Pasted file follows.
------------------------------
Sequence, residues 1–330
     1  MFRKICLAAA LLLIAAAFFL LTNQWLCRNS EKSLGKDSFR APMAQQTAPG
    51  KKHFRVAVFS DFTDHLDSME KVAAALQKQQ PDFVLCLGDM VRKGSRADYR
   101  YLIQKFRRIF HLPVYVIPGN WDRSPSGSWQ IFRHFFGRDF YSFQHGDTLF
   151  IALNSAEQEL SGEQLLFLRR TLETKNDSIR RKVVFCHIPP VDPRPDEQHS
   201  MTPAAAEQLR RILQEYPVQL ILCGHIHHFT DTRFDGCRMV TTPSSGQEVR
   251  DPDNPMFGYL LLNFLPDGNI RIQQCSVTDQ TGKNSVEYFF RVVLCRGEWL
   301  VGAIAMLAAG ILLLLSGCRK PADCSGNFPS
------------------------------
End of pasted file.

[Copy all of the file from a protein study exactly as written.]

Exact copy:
Sequence, residues 1–330
     1  MFRKICLAAA LLLIAAAFFL LTNQWLCRNS EKSLGKDSFR APMAQQTAPG
    51  KKHFRVAVFS DFTDHLDSME KVAAALQKQQ PDFVLCLGDM VRKGSRADYR
   101  YLIQKFRRIF HLPVYVIPGN WDRSPSGSWQ IFRHFFGRDF YSFQHGDTLF
   151  IALNSAEQEL SGEQLLFLRR TLETKNDSIR RKVVFCHIPP VDPRPDEQHS
   201  MTPAAAEQLR RILQEYPVQL ILCGHIHHFT DTRFDGCRMV TTPSSGQEVR
   251  DPDNPMFGYL LLNFLPDGNI RIQQCSVTDQ TGKNSVEYFF RVVLCRGEWL
   301  VGAIAMLAAG ILLLLSGCRK PADCSGNFPS